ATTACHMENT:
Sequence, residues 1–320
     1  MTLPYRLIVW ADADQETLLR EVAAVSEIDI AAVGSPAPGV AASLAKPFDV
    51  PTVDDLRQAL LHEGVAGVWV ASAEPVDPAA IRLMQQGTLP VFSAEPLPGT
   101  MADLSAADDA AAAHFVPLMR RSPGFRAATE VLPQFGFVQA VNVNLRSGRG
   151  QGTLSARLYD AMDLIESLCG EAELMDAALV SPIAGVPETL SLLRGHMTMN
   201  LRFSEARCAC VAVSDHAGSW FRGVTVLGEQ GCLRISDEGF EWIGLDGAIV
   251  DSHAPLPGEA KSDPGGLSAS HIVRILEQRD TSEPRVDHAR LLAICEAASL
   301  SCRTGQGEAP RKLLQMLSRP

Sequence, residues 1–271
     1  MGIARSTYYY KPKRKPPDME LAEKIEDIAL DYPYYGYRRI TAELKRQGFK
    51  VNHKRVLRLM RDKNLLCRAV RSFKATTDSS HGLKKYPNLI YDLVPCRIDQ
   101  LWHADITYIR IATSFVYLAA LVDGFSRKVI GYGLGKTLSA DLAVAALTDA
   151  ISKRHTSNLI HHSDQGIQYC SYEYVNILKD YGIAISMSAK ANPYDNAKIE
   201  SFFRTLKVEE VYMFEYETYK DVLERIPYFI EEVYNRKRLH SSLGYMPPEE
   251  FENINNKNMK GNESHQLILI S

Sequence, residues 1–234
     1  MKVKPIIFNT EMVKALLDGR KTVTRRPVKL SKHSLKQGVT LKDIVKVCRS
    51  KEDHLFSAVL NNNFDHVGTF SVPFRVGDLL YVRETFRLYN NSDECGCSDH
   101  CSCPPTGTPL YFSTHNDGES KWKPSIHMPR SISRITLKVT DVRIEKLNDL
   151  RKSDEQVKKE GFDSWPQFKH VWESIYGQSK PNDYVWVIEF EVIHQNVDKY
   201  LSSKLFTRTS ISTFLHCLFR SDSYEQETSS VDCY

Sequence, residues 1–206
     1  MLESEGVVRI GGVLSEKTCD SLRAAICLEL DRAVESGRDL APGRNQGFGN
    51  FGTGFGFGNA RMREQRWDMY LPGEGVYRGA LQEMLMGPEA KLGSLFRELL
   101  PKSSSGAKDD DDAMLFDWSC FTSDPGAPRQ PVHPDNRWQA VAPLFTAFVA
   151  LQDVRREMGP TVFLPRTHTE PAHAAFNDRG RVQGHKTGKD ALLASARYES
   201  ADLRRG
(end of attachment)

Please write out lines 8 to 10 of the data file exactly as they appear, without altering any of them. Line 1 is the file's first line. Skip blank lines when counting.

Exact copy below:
   301  SCRTGQGEAP RKLLQMLSRP

Sequence, residues 1–271
     1  MGIARSTYYY KPKRKPPDME LAEKIEDIAL DYPYYGYRRI TAELKRQGFK